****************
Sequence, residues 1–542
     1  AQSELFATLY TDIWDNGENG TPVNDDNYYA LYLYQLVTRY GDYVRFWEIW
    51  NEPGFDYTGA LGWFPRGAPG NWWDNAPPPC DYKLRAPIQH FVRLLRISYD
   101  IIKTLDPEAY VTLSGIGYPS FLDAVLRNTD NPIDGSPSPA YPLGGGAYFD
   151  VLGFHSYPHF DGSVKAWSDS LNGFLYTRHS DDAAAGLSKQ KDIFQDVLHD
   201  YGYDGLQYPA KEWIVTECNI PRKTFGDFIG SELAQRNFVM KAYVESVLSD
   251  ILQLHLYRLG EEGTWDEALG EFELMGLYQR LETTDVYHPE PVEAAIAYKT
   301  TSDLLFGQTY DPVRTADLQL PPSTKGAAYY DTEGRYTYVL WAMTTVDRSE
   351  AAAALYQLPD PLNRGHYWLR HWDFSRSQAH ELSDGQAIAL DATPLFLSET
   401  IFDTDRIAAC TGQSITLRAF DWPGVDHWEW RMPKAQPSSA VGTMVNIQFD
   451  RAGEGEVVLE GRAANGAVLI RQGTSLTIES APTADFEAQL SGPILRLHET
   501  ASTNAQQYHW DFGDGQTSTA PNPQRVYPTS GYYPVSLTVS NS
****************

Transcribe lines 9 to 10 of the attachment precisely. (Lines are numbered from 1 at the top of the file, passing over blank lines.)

   351  AAAALYQLPD PLNRGHYWLR HWDFSRSQAH ELSDGQAIAL DATPLFLSET
   401  IFDTDRIAAC TGQSITLRAF DWPGVDHWEW RMPKAQPSSA VGTMVNIQFD